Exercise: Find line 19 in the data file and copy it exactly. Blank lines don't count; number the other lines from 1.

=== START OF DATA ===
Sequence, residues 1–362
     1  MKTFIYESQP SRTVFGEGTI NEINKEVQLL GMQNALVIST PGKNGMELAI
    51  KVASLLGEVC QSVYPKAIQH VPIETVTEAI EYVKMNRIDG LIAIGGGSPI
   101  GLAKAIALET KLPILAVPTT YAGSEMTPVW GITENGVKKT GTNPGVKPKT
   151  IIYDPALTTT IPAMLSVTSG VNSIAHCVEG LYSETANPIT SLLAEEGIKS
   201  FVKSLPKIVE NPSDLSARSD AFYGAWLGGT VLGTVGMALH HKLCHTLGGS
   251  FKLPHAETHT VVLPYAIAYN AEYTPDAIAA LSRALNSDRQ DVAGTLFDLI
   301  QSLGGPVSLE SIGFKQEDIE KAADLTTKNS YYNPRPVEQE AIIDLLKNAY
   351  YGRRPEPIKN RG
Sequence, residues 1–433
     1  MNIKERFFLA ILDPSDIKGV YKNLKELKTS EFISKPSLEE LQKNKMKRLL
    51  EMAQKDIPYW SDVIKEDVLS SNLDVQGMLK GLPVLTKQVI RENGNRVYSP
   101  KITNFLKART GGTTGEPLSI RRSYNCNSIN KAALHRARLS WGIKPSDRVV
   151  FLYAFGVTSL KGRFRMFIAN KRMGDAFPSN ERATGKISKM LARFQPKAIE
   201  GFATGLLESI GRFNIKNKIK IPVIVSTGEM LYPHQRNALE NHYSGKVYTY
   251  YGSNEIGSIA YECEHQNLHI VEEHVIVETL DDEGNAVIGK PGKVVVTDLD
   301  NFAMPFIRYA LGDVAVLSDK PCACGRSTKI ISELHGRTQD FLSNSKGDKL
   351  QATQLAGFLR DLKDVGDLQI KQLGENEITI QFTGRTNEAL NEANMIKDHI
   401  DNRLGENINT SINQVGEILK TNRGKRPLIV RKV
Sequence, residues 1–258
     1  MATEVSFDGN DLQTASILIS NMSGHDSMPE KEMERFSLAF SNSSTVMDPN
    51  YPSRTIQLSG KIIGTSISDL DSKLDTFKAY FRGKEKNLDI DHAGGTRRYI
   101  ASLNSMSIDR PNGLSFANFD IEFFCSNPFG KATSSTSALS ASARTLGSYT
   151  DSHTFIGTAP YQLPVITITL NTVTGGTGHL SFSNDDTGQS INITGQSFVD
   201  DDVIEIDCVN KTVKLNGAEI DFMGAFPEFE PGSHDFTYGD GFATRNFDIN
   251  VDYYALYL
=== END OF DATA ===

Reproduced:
   401  DNRLGENINT SINQVGEILK TNRGKRPLIV RKV